We all have seen it at estate sales, auctions, and our own kitchens or attics. So, what in the world is milk glass exactly you say? This is very simple to answer; it’s a milky white glass that’s been either hand blown or mold made.
Milk glass got its start in Venice in the 16th century. By the time the 19th century rolled around, glass makers were making a version of this glassware. It was a milky white opaque glass that they called an “opal glass". The name milk glass is a more recent name, and is a name that you will hear quite often when you go antique shopping.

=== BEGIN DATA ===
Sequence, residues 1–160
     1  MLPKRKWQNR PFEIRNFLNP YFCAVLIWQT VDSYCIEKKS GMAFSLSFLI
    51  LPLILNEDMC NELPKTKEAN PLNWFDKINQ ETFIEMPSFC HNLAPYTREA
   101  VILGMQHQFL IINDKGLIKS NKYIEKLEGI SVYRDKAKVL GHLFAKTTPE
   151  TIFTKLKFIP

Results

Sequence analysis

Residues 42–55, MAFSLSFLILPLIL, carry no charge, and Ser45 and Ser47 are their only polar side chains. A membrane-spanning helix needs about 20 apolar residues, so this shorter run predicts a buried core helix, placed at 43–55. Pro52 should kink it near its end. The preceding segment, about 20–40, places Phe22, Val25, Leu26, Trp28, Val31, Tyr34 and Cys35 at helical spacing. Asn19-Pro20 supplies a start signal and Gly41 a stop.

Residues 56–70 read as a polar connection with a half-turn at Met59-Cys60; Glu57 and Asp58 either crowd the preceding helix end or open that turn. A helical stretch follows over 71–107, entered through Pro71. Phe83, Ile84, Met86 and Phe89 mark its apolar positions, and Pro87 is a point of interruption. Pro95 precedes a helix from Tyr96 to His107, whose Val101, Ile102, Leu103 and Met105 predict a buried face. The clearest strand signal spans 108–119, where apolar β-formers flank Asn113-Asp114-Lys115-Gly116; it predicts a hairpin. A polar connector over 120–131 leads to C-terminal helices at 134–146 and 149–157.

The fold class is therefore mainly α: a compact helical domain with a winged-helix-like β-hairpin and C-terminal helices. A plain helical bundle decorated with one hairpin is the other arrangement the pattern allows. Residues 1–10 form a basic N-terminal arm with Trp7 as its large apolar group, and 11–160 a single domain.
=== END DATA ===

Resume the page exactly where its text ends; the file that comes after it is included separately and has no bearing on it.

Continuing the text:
Milk glass has been made into lamps and lamp shades, vases, plates, bowls, dinnerware of all kinds, and many more shapes. Perhaps one of the most famous uses of this type of glass is for the four faces of the information booth clock at Grand Central Terminal in Manhattan.
|*picture courtesy of Wikipedia.com|
Fenton, Fostoria Glass, Imperial Glass, and even the Westmoreland Glass Company are only a tiny amount of companies that have made milk glass.
The prices of this glassware are as widespread as the glass companies that made it. It can be picked up for a couple of dollars to several hundred. Several examples can be seen in my Etsy shop, like this hobnail fan vase:
All of the milk glass pieces can be seen in my Etsy shop here.